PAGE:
Production getting more productive

Jun 10, 2002  •  Post A Comment

Director Pierre de Lespinois has found a creative way to use technology to streamline the production process and save networks a lot of money.
Mr. de Lespinois, creator of large-scale shows such as last year’s “When Dinosaurs Roamed America” for Discovery, began implementing “previsualization” tools during the production of his latest project, “Before We Ruled the Earth,” for The Learning Channel. Such technology allows a director to visualize many of the scene elements in advance by creating a test composite that unites computer-generated elements, drawn elements, the real background and the actors during production rather than post-production.
The advantages are both financial and creative. On one sweeping shot for “Before We Ruled the Earth,” for instance, Mr. de Lespinois was able to reduce crew time from a full day to two hours, cutting the crew costs from the $80,000-to-$90,000 range to about $15,000 for the shot. In addition, reshoots can be nearly eliminated since the director knows immediately whether he has captured the desired shot.
That’s possible by bringing green screens on location and producing composites in the field after each shot. Green screens are positioned behind actors during shooting so the performers can later be inserted into a scene with computer-generated or drawn elements.
The creative benefit is the flexibility it affords the actor. “You never know what the actor will bring and the way he reacts to the environment,” Mr. de Lespinois said. “We had one scene where an actor tripped, and it turned out great and we kept it.”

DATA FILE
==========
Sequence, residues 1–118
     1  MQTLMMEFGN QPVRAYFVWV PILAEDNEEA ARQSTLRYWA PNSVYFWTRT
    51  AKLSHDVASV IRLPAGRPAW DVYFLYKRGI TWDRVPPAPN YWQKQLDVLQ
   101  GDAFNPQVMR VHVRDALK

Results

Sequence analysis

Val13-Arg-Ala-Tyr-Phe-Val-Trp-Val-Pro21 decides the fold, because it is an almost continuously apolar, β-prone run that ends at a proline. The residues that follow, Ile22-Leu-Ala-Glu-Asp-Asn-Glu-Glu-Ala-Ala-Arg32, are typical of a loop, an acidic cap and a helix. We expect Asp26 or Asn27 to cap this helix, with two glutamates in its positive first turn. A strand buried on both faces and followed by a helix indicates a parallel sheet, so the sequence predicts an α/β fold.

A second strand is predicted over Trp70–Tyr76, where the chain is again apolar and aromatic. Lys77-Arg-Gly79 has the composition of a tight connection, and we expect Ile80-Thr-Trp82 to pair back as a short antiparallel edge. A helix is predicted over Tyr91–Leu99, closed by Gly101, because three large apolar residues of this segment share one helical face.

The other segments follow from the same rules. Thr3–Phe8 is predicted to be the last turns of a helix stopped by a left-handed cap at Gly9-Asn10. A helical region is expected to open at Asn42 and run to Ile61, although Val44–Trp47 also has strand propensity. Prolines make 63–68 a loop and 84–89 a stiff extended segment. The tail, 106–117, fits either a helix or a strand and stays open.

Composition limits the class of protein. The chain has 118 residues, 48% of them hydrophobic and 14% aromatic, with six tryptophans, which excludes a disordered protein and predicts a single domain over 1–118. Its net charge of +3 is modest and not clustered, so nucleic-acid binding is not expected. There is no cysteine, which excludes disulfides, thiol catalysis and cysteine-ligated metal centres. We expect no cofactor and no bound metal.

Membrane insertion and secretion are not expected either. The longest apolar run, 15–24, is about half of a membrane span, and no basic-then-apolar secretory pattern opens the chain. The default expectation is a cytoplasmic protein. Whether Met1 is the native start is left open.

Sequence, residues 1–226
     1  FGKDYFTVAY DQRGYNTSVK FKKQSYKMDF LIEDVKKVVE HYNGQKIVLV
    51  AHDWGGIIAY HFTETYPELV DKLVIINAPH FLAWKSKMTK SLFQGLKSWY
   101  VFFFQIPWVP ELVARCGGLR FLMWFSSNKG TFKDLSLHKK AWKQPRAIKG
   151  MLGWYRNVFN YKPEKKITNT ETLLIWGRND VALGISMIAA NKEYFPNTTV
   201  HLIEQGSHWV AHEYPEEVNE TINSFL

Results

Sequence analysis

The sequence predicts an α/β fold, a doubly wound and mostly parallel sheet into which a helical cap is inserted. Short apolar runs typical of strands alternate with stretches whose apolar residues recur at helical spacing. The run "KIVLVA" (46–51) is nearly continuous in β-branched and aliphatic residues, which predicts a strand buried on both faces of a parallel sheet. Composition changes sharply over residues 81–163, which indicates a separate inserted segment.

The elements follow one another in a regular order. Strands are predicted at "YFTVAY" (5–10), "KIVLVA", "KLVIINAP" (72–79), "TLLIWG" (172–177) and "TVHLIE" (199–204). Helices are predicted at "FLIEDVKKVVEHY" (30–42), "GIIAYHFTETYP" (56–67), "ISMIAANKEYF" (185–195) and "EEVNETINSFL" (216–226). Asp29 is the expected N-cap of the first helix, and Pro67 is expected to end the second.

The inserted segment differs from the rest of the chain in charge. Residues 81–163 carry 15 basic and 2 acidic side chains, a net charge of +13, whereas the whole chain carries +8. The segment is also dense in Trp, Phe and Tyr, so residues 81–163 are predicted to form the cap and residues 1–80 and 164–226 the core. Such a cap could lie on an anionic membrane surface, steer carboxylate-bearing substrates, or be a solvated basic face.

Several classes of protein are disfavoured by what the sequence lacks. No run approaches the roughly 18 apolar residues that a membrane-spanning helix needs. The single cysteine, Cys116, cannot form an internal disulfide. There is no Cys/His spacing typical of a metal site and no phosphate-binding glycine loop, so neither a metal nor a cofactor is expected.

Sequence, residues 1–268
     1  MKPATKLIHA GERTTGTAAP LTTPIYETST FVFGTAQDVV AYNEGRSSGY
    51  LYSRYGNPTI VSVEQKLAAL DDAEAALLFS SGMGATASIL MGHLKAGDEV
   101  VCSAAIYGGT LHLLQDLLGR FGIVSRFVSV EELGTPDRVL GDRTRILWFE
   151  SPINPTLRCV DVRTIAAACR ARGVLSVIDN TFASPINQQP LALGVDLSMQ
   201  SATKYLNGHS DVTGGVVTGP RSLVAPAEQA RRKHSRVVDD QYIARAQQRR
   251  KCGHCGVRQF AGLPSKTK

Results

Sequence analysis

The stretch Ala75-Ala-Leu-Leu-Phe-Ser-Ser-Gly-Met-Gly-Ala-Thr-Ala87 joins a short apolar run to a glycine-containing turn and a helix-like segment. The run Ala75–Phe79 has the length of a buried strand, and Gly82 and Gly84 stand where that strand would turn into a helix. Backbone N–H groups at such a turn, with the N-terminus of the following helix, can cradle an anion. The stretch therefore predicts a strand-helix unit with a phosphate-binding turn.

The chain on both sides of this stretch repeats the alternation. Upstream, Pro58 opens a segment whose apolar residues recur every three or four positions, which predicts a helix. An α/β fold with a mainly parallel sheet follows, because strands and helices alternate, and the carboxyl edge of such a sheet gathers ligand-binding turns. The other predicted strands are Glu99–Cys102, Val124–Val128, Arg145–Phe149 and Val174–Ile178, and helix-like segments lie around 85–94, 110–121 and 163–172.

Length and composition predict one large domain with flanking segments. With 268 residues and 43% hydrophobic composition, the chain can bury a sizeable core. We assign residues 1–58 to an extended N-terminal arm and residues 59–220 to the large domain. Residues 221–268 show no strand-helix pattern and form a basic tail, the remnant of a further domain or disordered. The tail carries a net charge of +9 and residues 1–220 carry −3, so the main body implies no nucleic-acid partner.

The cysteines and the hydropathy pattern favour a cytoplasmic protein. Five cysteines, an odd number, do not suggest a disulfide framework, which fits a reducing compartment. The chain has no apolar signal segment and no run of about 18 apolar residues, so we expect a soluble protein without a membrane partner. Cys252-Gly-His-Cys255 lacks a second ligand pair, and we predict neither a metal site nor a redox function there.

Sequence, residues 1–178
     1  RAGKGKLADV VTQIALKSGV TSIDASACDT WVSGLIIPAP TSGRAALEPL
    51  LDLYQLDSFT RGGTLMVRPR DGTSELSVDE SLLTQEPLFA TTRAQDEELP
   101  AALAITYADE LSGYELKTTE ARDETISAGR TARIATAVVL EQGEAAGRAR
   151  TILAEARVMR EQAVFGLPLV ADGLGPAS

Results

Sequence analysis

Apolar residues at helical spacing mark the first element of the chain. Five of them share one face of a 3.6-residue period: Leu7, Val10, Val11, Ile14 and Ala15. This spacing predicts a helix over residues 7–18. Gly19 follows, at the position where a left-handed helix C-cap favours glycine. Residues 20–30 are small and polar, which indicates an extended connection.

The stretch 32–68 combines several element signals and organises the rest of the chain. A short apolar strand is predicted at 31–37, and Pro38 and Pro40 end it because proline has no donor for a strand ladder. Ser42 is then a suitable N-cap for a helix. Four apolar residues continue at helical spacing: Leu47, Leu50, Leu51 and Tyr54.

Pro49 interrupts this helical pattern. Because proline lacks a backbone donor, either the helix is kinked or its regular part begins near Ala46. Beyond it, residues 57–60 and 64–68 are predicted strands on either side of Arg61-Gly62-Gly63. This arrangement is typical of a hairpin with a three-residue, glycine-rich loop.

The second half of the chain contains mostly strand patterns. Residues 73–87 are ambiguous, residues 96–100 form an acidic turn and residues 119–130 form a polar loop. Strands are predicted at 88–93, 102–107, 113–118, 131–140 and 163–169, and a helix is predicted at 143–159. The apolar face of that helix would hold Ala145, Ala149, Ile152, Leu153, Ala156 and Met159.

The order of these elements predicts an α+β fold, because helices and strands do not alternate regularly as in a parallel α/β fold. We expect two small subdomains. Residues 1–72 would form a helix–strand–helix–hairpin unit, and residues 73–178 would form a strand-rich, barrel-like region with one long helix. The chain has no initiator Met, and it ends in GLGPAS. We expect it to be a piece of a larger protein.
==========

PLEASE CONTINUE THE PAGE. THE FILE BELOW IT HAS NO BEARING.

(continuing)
For the scene in which he cut crew costs to $15,000, the shot consisted of a tribe of Indians walking across dying and dead buffaloes. Shot in the Yukon in Alberta, Canada, he used 20 actors in the scene. He shot each actor in front of the green screen in high definition using Sony cameras. He then down-converted the file and sent a low-resolution version wirelessly to an Apple laptop in the field. Using Apple’s Final Cut Pro, he merged the actors and the background with the computer images of buffalo to create a test composite, a facsimile of the final shot.
That sure beats shooting the background and actors separately and hoping they match up. “I didn’t have to worry about blending and scaling them,” Mr. de Lespinois said. “Everything matches because of the light of the sun. I don’t have to color-correct or worry about lighting.”
And he doesn’t need to book studio time to shoot the actors against green screens. This strategy translates into time-and money-saved. “You can increase the production value while saving cost,” he said. The show contained 240 visual-effects shots.
The next stage of this previsualization technique will occur when he goes into production in July on “Prehistoric World” for Discovery, slated to run in 2003. He plans to take the technology a step further and not only look at the images in the field but wirelessly transmit them at the end of the shooting day to graphic artists in his Meteor Studios in Montreal.
The production will include more than 1,000 visual-effects shots with at least 95 percent of the show’s shots containing such effects. He plans to create QuickTime files of each shot and upload them to the studio’s Web site at the end of each day. The artists can then begin their work during the actual production process and can also let the crew know whether they will need something else shot the next day or whether the crew can strike the set.
“I am trying to blend production and post-production into one element. By doing it this way, I will save a ton of money and have no reshoots and have a better program,” Mr. de Lespinois said.
He estimates shooting in HD and using previsualization tools can save $7 million on a $38 million production. The processing cost alone for one hour of 35mm film is $4,000 compared to $55 for HD, he said. He shoots about 30 hours for each production.
Discovery, for one, has been happy with Mr. de Lespinois’ results. His use of technology makes it possible for Discovery to present elaborate shows such as “Prehistoric World” because it prevents costly fixes in post-production, said Steve Burns, senior VP of production for Discovery Channel U.S.